Jun 26, 2014
Everest avalanche top on agenda for Nepal at Asian Alpine Association meet
At the latest meet of UAAA in May, the Nepal Mountaineering Association gave a list of all measures it intends to undertake to support the families of the deceased Sherpa guides.
The Outdoor Journal
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This includes financial support to families along with scholarships to ensure education of children.
The Everest avalanche that took 16 lives in the deadliest natural disasters on the mountain was top on the agenda for Nepal Mountaineering Association (NMA) at the annual council meeting of UAAA (Union of Asian Alpine Associations) held in HongKong on May 30 and June 1.
The avalanche that occurred off the West Shoulder of Everest and swept between Khumbu Icefall glacier and Camp 1 at an altitude of 5800 mts took away 16 lives, out of which three are still missing. The deceased were Sherpa guides, who were heading towards Camp 1 carrying kilos of equipment on their back to set up camps and fix ropes for climbers of different expeditions.
NMA president Ang Tshering Sherpa said in the meeting, “All the Nepalese climbers who died and are missing in the avalanche are equal for the Nepal Mountaineering Association (NMA) and we don’t want any climber to be ignored in the course of receiving financial assistance.”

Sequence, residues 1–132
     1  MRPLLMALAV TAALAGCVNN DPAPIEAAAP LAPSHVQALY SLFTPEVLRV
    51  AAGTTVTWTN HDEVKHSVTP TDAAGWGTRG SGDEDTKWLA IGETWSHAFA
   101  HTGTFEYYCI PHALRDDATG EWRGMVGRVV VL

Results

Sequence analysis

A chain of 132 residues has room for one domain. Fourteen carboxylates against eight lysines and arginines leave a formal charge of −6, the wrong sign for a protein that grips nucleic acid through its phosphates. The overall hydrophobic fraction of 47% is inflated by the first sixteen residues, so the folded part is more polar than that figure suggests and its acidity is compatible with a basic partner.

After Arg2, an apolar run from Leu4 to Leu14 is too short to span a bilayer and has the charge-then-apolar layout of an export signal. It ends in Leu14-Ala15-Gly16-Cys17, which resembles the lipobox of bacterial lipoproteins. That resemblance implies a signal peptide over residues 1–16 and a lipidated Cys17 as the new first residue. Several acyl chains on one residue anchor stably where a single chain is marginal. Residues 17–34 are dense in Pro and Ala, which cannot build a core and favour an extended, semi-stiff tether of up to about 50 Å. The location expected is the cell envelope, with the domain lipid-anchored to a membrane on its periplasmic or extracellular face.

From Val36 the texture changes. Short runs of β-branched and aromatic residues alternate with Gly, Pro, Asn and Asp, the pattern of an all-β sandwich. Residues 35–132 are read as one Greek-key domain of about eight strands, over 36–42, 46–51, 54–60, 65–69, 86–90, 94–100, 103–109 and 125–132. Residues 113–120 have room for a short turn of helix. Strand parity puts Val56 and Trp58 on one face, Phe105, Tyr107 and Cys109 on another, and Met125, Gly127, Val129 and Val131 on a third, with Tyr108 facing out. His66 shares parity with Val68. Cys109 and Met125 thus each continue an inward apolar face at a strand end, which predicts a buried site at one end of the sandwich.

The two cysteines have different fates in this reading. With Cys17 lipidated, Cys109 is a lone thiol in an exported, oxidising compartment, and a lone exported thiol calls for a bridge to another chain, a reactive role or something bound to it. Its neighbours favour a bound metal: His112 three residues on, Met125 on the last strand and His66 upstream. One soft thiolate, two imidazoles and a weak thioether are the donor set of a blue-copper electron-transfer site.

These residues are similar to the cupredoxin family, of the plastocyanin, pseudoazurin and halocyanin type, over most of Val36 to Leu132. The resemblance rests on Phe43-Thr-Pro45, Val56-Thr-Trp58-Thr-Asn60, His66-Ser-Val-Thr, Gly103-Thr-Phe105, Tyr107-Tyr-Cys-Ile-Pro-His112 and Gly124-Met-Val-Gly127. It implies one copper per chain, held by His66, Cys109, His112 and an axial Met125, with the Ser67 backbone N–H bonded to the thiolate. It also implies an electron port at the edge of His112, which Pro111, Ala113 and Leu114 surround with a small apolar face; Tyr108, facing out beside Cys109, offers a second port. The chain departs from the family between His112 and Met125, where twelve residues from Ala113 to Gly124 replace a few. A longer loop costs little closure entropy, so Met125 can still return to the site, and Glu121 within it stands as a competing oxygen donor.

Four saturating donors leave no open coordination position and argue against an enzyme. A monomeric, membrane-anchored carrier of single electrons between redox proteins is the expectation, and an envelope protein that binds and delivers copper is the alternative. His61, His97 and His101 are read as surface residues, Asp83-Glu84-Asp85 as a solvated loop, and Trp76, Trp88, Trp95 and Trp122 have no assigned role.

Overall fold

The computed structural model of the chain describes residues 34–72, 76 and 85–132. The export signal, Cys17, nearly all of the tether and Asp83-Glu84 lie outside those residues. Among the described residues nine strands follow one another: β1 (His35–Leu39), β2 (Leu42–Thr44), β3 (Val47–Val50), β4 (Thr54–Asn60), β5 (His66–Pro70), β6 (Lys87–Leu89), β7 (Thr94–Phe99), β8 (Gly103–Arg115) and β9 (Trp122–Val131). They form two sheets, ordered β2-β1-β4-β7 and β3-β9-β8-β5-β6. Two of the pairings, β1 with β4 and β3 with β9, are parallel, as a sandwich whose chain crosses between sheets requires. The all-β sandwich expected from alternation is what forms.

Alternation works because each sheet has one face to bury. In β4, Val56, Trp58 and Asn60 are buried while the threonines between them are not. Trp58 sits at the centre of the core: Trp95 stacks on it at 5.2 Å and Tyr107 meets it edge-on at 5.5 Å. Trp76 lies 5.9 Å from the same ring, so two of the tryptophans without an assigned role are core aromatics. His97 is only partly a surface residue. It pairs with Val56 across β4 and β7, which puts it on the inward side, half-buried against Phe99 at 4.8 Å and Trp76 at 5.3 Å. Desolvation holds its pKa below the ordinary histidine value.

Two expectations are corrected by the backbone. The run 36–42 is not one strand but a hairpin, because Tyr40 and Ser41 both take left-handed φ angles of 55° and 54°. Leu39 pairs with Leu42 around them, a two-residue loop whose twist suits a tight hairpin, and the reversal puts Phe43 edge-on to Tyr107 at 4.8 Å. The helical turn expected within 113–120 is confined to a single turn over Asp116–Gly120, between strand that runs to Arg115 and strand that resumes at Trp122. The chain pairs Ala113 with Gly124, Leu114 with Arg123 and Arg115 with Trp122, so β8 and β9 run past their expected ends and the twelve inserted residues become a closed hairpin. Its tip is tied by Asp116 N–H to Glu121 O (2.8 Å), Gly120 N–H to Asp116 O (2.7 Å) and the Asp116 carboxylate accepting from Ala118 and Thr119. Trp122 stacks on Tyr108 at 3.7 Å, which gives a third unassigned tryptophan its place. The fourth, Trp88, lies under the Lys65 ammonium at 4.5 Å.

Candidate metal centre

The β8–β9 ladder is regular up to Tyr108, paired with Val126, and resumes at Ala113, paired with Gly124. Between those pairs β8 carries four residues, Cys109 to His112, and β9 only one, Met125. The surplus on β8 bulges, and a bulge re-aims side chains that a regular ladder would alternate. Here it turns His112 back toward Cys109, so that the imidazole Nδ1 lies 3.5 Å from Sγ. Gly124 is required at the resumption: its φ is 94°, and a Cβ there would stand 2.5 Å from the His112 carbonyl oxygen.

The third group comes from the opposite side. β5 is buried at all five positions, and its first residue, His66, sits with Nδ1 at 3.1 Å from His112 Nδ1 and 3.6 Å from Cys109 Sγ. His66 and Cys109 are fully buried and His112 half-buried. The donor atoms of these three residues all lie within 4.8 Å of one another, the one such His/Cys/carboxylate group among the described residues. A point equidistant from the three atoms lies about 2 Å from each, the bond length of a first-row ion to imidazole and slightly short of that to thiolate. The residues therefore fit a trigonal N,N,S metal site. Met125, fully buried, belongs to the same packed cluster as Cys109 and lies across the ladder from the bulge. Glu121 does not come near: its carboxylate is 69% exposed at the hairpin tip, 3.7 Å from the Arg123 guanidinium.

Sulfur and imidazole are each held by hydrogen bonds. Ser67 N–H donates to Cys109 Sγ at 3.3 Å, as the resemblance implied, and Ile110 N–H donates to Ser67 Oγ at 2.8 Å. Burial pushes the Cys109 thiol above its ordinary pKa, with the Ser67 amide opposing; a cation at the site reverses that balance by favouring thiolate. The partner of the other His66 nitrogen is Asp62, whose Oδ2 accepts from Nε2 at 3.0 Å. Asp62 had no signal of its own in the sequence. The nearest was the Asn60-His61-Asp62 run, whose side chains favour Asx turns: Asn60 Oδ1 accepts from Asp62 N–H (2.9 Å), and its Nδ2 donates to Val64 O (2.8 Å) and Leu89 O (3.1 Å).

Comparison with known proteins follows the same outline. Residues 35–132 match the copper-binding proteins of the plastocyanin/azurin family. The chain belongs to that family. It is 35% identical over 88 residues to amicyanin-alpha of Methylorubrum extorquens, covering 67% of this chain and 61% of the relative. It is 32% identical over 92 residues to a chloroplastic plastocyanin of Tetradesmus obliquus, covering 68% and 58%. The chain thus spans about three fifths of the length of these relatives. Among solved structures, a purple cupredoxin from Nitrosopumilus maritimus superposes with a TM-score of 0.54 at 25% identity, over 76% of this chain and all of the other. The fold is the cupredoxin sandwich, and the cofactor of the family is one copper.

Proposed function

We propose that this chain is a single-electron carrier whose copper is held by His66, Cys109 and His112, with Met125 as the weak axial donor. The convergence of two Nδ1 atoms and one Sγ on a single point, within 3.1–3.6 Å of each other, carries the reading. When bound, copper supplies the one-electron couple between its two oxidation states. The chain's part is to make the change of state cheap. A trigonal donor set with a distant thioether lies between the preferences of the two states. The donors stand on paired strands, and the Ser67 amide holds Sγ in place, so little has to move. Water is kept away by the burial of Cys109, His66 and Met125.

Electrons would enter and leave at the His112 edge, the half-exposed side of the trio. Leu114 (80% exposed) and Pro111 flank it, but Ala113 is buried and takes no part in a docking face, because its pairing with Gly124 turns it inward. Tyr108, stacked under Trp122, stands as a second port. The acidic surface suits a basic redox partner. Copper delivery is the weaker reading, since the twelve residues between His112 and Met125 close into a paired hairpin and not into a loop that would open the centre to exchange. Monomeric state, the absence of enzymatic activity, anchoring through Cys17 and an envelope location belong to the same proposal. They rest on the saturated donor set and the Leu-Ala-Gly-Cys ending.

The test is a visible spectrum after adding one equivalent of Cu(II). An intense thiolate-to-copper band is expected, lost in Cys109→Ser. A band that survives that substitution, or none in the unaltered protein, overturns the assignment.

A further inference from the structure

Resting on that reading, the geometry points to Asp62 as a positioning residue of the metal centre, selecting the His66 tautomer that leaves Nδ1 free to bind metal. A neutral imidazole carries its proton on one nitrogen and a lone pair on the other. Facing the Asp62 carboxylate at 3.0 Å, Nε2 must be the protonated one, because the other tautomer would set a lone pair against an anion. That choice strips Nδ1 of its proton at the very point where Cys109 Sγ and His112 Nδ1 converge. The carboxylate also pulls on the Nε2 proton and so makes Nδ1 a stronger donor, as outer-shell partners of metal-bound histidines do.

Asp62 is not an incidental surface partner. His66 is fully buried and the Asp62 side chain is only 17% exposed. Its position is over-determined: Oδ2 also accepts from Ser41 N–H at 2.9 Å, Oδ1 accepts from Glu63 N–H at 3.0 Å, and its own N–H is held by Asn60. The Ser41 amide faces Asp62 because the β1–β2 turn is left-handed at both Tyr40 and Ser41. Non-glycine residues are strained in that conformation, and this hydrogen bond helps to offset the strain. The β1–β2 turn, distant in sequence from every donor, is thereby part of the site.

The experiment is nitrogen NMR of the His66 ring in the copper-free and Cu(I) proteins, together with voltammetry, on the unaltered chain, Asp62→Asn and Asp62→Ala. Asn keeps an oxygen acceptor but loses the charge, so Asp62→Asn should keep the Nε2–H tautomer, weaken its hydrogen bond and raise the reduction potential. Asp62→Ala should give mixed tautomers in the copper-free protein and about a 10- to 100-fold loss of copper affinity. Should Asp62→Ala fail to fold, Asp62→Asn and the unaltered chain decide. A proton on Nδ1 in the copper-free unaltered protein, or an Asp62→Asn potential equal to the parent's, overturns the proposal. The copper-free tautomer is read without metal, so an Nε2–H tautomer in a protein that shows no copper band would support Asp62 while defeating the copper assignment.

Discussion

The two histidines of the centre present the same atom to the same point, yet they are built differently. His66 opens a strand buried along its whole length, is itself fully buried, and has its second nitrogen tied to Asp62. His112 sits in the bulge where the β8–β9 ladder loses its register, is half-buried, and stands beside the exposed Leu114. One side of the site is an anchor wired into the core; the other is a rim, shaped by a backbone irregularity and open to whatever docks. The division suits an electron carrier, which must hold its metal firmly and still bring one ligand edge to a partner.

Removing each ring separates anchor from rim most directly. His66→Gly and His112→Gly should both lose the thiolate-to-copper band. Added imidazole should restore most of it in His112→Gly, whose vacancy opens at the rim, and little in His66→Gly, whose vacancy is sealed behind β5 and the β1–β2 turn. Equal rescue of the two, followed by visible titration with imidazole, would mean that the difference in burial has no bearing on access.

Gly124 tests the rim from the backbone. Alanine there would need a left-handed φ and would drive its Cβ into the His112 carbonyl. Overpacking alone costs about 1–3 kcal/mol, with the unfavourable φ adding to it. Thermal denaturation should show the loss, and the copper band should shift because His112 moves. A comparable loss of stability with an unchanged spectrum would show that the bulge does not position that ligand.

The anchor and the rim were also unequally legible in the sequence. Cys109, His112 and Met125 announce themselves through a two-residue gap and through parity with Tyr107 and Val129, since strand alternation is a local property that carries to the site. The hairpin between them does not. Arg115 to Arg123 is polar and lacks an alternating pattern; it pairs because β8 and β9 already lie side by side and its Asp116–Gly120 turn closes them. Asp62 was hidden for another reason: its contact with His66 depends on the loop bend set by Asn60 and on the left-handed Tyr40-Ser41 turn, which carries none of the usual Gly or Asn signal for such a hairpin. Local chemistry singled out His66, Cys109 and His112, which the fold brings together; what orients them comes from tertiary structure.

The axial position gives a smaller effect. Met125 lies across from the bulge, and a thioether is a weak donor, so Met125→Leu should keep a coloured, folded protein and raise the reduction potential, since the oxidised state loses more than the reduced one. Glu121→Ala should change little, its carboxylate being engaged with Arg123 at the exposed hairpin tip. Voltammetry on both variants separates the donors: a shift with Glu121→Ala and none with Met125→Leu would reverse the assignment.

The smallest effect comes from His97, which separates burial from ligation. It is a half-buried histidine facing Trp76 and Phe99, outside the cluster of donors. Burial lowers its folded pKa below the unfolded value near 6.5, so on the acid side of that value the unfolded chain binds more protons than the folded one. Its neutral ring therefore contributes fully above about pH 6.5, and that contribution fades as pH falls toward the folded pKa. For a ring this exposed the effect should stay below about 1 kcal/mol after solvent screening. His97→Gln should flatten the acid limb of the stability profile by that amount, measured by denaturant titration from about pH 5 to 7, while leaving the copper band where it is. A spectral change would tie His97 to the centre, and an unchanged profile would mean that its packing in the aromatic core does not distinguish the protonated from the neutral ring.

He declared that NMA had set up a special fund called Mountaineering Disaster Relief and Educational Support (MDRES) to receive donations from the world over. He claimed that the fund is to be used to support the families of the deceased mountaineers. In addition, children of the deceased are to receive scholarship and further financial support for completion of their studies till graduation.
In addition to this, the NMA has called upon the formation of a Rescue Cell. According to the association, climate change has made climbing the Himalayas more difficult with time. A Rescue Cell with trained and fully equipped Nepali personnel will be present in a constantly acclimatised state and dispatch immediately in case of an emergency. The meeting also discussed issues around waste management in the Himalayas where the NMA assured that the region is becoming cleaner with each passing year. “Each year as the ice melts and the glacier moves, any garbage that is uncovered on the surface is quickly collected and disposed,” Mr. Tshering was quoted saying in an official release from the NMA.
UAAA, headquartered in South Korea, is Asia’s highest governing body for all mountaineering, climbing and mountain tourism activities. The meeting was attended by officials of all national alpine and mountaineering federations of the continent
Place: New Delhi